Femininity, sensuality, empowerment, intelligence, humour.
Burlesque, whether its origins lie in the Dance of the Seven Veils, Old Testament depictions of Salome, Vaudeville-era USA or some prehistoric talent night, vigorously reclaims women’s sexuality for themselves. On their own terms.
On the eve of House of Burlesque‘s national tour of Shipwrecked, Creative Director Tempest Rose talks to Trebuchet.
What first drew you to burlesque?
Tempest Rose: Coming from traditional theatre I was blown away by my first burlesque show. To see a group of women on stage being funny, sexy, characterful and intelligent was a real inspiration and the fact that burlesque artists create their own work was incredible. The first time I saw it I knew that burlesque was the art for me.
Since burlesque has become a more social accepted artform does this diminish the pleasure in taking part?
Not at all, seeing more and more people love the art-form that used to only be enjoyed by a few with their finger on the pulse is wonderful.
Is Burlesque about the nakedness, the tease, or the person?
Tempest Rose: Burlesque is about personality always and for me that is the most important quality a burlesque performer can have. It allows them to connect with the audience and to have presence on the stage. Next, the tease needs to be there – either in the form of the actual striptease or in the playful way the artist is poking fun with the audience or society.
By comparison to what we now except and see in society the ‘nakedness’ in burlesque is very tame, but there certainly is something great in the way burlesque shows off the female body as a thing of beauty in its own right, not just as a tool for male sexual gratification.
Burlesque has a fascinating history. Are there any sources that you’d recommend people to look into?
Tempest Rose: Charting the history of burlesque can be difficult and there definitely needs to be more research done, particularly into the history of burlesque in the UK and Europe before the ‘Golden Era’ of American burlesque. Any good books on the history of Music Hall and Vaudeville are a great start as well as biographies of stars such as Gypsy Rose Lee and Sally Rand.
Are there any historical burlesque figures (ahem) that you admire and why?
Tempest Rose: I am a huge fan of Gypsy Rose Lee, probably the most famous burlesque star ever. She was an entertainer who understood that burlesque was about having fun with the audience. She understood her role was to hold a mirror up to the way society viewed sex and that her jokes were enjoyed by men and women. She was a businesswoman and created a legacy for herself that not only changed burlesque but also musical theatre through her memoir which was turned into arguably one of the greatest musicals of all time – Gypsy.
Do you think that internet pornography has worked to demystify the sexual body and hence emphasise the artistry of burlesque performances?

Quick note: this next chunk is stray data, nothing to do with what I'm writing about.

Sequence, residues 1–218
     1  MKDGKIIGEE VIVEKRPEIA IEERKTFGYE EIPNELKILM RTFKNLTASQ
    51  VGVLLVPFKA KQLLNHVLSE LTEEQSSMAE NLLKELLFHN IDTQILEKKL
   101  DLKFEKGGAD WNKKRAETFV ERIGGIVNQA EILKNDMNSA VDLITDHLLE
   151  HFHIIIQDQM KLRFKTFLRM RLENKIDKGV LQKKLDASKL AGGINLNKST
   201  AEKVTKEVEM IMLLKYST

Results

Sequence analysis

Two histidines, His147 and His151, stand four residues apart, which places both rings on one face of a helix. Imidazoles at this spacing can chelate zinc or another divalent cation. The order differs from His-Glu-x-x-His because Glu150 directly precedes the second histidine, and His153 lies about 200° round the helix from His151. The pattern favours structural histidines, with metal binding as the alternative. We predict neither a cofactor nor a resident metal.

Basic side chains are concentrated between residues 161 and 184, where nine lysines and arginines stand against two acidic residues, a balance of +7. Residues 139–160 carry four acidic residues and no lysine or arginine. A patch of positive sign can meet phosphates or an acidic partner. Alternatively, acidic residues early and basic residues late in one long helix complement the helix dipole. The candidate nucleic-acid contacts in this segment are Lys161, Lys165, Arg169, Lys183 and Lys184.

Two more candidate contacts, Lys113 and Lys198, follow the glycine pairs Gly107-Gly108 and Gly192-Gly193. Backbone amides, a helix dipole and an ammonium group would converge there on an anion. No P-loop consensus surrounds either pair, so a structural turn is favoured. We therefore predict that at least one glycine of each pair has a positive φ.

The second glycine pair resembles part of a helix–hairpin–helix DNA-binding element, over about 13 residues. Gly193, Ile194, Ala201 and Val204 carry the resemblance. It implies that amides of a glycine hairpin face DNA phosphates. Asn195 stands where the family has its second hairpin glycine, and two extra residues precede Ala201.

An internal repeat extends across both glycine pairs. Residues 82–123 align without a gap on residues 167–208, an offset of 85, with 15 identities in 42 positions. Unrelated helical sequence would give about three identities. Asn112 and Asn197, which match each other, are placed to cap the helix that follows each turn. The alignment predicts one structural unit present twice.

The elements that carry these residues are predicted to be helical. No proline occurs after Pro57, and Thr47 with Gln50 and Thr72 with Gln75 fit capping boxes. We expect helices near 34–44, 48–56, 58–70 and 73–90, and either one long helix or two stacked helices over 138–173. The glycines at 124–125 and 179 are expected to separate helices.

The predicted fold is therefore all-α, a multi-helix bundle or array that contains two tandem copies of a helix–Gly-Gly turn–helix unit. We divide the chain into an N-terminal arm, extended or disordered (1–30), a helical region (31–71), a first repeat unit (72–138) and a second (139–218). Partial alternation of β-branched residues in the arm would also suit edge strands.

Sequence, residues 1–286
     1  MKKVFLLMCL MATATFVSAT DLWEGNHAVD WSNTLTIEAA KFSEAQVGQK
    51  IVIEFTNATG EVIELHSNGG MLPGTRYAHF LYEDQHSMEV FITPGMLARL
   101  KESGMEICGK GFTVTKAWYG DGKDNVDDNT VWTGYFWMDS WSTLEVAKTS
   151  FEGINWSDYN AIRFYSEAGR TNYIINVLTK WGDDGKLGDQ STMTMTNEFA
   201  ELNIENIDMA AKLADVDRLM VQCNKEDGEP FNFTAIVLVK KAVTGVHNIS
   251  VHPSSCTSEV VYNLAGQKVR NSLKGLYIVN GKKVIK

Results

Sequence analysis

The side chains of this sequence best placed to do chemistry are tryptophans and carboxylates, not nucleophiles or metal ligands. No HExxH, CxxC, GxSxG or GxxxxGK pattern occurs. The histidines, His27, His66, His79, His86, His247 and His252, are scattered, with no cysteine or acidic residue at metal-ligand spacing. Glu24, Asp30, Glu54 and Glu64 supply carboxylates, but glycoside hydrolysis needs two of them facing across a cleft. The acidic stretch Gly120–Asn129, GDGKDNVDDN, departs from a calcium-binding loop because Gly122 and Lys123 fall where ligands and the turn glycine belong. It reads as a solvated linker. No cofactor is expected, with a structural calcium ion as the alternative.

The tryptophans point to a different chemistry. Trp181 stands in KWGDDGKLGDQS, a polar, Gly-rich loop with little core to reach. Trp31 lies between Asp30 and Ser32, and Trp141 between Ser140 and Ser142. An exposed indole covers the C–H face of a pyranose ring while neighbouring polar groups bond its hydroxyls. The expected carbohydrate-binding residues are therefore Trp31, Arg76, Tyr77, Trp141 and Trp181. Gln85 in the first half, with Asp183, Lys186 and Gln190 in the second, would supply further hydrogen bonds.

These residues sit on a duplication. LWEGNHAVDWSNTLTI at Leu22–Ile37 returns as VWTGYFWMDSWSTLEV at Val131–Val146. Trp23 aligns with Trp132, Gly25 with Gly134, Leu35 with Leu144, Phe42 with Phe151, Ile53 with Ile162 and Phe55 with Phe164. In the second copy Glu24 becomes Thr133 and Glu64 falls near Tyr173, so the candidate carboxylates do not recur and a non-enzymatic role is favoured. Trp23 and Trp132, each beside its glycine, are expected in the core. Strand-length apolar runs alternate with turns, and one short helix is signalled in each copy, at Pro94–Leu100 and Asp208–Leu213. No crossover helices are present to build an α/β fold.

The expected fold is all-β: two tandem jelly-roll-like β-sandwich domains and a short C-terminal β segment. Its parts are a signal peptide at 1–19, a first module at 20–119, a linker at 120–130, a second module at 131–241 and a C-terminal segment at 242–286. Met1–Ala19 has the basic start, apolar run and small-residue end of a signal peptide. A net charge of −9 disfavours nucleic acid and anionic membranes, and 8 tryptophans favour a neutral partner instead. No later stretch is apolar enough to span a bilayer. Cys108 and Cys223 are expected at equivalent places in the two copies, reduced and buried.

Tempest Rose: I think the ready availability of porn on the internet and its harmful gratuitous use of the female body as well has the effect that has had on how women’s bodies are portrayed in the mainstream media has left people seeking to see a more elegant, subtle and individual representation of the female form. For some people that’s burlesque.
Is burlesque sexier for the artist or the audience?
Tempest Rose: If burlesque is sexier for an artist than the audience then they need to quit. Immediately if not sooner. The primary role for any artist is the entertainment of the audience, if that’s missing then the job is not being done properly.
To what extent is burlesque a blank canvas for feminism, sexuality and the individual?
Tempest Rose: The word burlesque comes from ‘burla’ which is to jest. The word means parody and the artform should hold a mirror up to the way society works and thinks about a lot of things, especially sensuality and femininity. To that extent it can be a blank canvas to express anything and some people do use it to discuss feminist issues.
What do you get out of Burlesque?
Tempest Rose: For me, burlesque provides a vital platform for women to be in control of the portrayal of their own bodies and minds. It allows us to express all sides of who we are and I get the greatest pleasure in seeing an audience enjoying one of my shows. Its spectacle and lavishness is also a type of escapism and burlesque has always flourished in troubled economic times – letting people forget their troubles for a few hours and feel happy is a great gift.
Has your enjoyment changed with your experience over the years?
Tempest Rose: The sounds of an audience enjoying themselves and laughing and clapping has always been one of the enjoyable things about performing, I suppose what’s changed is now I can see their journey across the whole of a House of Burlesque show rather then limited to my own individual performance.
Where do you want to take Burlesque?
Tempest Rose: I want to keep creating burlesque shows that lifts the perceptions of it as an art-form. Burlesque that really connects with people, that makes them laugh, that moves them and that can go someway to redressing the so-often harmful ways women can be portrayed in the mainstream media.
I want to stop burlesque becoming personality-less and soulless.
House of Burlesque UK Tour of Shipwrecked
Redhill, Harlequin Theatre – 3 November
Derby, Derby Theatre – 18 November
Cardiff, New Theatre – 25 – 26 January